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HP Pavilion p6210y review: HP Pavilion p6210y

HP Pavilion p6210y

Justin Yu Associate Editor / Reviews - Printers and peripherals
Justin Yu covered headphones and peripherals for CNET.
Justin Yu
4 min read

Editors' note: This review is part of our 2009 Retail Laptop and Desktop Holiday Roundup, which covers specific fixed configurations of popular systems found in retail stores.


HP Pavilion p6210y

The Good

Reasonable performance for its price; glossy case design adds flare; organized interior with space for upgrades.

The Bad

Gateway offers a faster, more flexible PC for less.

The Bottom Line

The HP Pavilion P6210y gets by as a decent performer in entry-level applications, but we're disappointed by its lack of features. It can definitely serve as a family PC, but the Gateway SX2800-01 is a faster computer with more flexibility in its connection offerings.

The Gateway SX2800-01 has become the gold standard for budget desktops ever since it rolled through our lab a few months ago. Most recently, the $579 Dell Inspiron 545s-3055NBK narrowed the gap, at least in terms of price and performance, and the HP Pavilion P5210y now offers a similar system for the same price. Unfortunately, this HP still lags behind the Gateway and looks outdated next to its impressive list of motherboard connections and aggressive CPU. The Gateway SX2800-01 remains our top budget PC for anyone hunting for a solid, affordable computer.

Although the design hasn't changed since the P6230y, we're still digging the clean, glossy black finish and the muted blue LED-lit power button. The bottom panel drops down to reveal a set of headphone and microphone jacks, and the optical drive and expansion bay both sit flush behind two covers as well. A media card reader on top rounds out the hardware on the front.

The HP Pavilion P6210y and the Dell Inspiron 545s-3055NBK are priced the same and look similar on paper, but the HP distinguishes itself with a quad-core AMD CPU that gives it a slight advantage in the multitasking test.

Even still, the Gateway SX2800-01's remains the system to beat, both in terms of performance as well as cost. For $70 less than the HP and the Dell, we're still impressed by Gateway's ability to register almost the exact same scores, despite a negligible difference in the multitasking test.

HP manages to get a short leg up on Gateway in terms of internal expansion. While the SX2800-01's svelte chassis forces you to upgrade it with half-height cards, the Pavilion P6210 has room for a full-size16x PCI Express slot for a 3D graphics card and two spare 1x PCI Express lot. You can also add another hard drive and an extra memory stick.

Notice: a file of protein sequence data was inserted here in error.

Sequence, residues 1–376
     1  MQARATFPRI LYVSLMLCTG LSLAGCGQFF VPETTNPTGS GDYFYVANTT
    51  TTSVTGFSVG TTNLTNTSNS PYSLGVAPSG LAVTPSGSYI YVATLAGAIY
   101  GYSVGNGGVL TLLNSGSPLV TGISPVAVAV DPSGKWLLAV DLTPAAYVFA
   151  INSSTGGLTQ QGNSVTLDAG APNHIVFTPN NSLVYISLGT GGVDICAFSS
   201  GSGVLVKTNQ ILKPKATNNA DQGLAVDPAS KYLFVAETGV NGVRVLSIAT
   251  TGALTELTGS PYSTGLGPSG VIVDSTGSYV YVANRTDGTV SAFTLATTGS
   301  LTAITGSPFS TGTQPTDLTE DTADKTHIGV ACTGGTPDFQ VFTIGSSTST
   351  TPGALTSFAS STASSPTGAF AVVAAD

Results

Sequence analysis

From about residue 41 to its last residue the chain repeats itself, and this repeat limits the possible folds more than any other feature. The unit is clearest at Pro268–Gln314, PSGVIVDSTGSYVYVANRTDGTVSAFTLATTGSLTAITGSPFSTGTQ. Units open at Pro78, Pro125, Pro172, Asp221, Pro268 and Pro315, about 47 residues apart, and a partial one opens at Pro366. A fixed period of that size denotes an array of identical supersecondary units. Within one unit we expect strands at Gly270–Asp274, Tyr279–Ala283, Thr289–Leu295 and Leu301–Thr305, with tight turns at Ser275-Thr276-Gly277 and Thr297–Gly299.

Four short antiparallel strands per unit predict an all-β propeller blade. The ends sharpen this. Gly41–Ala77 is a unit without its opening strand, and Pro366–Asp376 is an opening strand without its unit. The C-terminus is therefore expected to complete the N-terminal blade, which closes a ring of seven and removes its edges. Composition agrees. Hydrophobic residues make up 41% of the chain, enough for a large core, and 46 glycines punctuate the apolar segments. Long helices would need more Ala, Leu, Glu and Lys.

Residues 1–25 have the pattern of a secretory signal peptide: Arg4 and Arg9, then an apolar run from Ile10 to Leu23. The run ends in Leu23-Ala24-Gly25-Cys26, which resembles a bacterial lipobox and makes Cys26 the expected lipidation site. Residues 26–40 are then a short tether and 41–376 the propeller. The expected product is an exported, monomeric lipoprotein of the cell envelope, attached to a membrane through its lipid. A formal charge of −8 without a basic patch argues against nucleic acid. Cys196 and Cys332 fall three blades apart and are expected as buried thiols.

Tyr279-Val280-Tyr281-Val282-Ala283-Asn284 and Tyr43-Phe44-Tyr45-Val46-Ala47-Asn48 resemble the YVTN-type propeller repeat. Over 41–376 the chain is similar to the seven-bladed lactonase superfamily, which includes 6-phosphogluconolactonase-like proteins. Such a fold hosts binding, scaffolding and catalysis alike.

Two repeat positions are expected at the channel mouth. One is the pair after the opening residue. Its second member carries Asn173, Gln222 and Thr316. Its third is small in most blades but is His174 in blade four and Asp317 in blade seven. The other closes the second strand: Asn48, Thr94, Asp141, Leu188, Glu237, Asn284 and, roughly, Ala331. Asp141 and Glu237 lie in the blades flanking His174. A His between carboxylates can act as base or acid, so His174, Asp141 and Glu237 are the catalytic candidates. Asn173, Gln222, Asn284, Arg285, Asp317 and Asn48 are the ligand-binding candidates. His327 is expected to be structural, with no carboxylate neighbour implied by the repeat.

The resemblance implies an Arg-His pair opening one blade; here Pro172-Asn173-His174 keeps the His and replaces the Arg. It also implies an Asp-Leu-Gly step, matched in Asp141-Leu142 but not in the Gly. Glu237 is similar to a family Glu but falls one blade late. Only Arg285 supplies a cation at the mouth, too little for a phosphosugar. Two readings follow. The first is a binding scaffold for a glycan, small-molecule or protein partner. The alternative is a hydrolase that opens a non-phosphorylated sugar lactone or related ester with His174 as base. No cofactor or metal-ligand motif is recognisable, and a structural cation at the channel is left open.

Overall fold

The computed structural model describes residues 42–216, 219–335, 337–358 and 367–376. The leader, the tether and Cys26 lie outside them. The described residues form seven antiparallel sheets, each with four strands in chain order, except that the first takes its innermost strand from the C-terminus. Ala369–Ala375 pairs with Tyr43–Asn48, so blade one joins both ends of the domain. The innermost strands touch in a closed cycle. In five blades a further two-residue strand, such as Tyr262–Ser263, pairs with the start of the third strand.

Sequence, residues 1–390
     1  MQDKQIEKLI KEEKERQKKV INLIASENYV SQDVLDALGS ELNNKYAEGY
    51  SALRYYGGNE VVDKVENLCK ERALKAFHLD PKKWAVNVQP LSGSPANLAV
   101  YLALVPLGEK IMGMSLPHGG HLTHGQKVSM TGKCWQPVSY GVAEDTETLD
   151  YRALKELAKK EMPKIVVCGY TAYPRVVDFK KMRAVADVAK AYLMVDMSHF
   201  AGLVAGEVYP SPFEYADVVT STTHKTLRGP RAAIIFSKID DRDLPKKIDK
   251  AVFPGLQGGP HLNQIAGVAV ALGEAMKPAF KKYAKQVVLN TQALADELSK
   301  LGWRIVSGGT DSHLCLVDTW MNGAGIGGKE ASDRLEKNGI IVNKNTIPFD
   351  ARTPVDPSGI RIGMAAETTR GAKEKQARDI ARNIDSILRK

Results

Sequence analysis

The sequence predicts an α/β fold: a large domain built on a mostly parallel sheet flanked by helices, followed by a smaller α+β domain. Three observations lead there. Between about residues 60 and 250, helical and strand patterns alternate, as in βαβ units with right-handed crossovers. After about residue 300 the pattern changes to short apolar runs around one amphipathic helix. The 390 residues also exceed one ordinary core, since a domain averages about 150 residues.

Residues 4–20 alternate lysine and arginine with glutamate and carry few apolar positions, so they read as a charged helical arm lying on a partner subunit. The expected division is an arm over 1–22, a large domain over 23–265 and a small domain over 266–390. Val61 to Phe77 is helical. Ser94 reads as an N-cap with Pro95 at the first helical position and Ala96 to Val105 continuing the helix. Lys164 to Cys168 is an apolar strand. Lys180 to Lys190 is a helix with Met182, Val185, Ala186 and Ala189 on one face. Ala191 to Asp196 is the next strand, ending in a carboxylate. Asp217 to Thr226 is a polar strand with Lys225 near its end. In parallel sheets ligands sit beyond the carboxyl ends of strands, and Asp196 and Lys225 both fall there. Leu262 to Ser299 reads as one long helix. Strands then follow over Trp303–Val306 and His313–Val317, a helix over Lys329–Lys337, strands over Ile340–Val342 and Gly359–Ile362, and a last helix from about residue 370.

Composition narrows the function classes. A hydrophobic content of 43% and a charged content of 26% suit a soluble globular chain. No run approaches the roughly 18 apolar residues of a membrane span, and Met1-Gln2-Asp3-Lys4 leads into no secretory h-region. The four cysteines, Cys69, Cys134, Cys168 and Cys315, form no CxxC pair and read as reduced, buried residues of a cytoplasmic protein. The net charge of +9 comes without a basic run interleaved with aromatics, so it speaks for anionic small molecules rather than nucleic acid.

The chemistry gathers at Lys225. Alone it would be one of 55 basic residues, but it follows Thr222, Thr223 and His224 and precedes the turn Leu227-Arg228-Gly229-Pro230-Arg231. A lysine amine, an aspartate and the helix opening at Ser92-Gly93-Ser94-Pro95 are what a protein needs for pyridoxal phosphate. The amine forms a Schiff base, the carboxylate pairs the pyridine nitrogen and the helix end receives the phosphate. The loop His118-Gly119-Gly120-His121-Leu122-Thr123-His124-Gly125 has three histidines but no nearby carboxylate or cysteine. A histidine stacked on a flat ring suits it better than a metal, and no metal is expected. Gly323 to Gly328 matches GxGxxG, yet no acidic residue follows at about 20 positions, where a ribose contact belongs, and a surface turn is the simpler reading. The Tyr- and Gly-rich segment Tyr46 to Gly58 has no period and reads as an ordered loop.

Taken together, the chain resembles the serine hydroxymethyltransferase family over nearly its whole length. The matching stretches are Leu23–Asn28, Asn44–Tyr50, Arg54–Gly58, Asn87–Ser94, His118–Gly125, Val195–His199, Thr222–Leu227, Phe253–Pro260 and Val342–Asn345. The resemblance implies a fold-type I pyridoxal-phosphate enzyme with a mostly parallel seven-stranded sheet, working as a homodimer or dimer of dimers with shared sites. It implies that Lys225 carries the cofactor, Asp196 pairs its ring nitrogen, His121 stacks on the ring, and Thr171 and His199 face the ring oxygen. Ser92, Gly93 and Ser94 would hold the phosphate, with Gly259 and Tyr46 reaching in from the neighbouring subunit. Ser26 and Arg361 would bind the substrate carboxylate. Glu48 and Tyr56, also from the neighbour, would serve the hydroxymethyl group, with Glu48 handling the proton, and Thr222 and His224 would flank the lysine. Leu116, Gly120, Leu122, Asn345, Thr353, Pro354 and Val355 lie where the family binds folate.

Adobe Photoshop CS3 image-processing test
(Shorter bars indicate better performance)

Apple iTunes encoding test
(Shorter bars indicate better performance)

Multimedia multitasking
(Shorter bars indicate better performance)

(Longer bars indicate better performance)
Rendering multiple CPUs  
Rendering single CPU  
Gateway DX4300-11
Gateway SX2800-01
HP Pavilion P6210y

The Gateway SX2800-01 outperforms the HP by a wide margin in three out of the four tests, with the exception of the multitasking test, where the two systems register almost the same scores. Factor in the $70 you save by going with the Gateway, and the Pavilion P6290 looks expensive and outclassed by comparison.

While it's true that the Pavilion's larger tower offers more wiggle room to upgrade, we suspect that most of you shopping for a computer in this price range won't actually get around to it. That said, Gateway gives you all the same connections as the HP including digital audio ports, VGA, and DVI, but also adds an HDMI port on the back to connect it to a high-definition television, adding to its value as a home theater PC.

Annual power consumption cost

Juice box
HP Pavilion P6210y Average watts per hour
Off (60 percent) 1.39
Sleep (10 percent) 3.11
Idle (25 percent) 54.67
Load (5 percent) 107.91
Raw kWh 222.94
Annual energy cost $25.30

The HP Pavilion P6210y holds its own against other PCs with quad-core CPUs, but the $25.30 it costs to run it every year is just over the threshold for a full EnergStar Certification. We'll concede that $2.10 every month isn't a big deal in the larger picture, nor will you notice the tiny difference between the HP and its dual-core competition.

HP includes a standard one-year warranty with the Pavilion P6210y, with just enough free support to keep you happy. Within the allotted time, you get 24-7 toll-free phone assistance, a comprehensive list of Web help, including manuals, FAQs, live customer service chat, and driver updates.

Find out more about how we test desktop systems.

System configurations :

Asus Essentio CG5270-BP004
Windows 7 Home Premium 64-bit; 2.5GHz Intel Core 2 Quad Q8300; 8GB 800MHz DDR2 SDRAM; 32MB Intel GMA X4500 integrated graphics chip; 1TB, 7,200rpm hard drive

Dell Inspiron 545s-3055NBK
Windows Vista Home Premium 64-bit (SP2); 2.93GHz Intel Core 2 Duo E7500; 6GB 800MHz DDR3 SDRAM; 256MB (shared) Intel G33 integrated graphics chip; 750GB 7,200rpm Seagate hard drive

Gateway DX4300-11
Windows 7 Home Premium 64-bit; 2.5GHz AMD Phenom II X4 805; 8GB 800MHz DDR2 SDRAM; 256MB ATI Radeon HD 3200 integrated graphics chip; 1TB, 7,200rpm hard drive

Gateway SX2800-01
Windows Vista Home Premium SP1 64-bit; 2.3GHz Intel Core 2 Quad Q8200; 4GB 800MHz DDR2 SDRAM; 32MB (shared) Intel GMA X4500 integrated graphics chip; 640GB, 7,200rpm hard drive

HP Pavilion P6210y
Windows 7 Home Premium SP1 64-bit; 2.6 GHz AMD Phenom II X4 620; 6GB 800MHz DDR2 SDRAM; 256MB NVIDIA GeForce 9100 integrated graphics chip; 640GB, 7,200rpm hard drive


HP Pavilion p6210y

Score Breakdown

Design 7Features 6Performance 8Support 7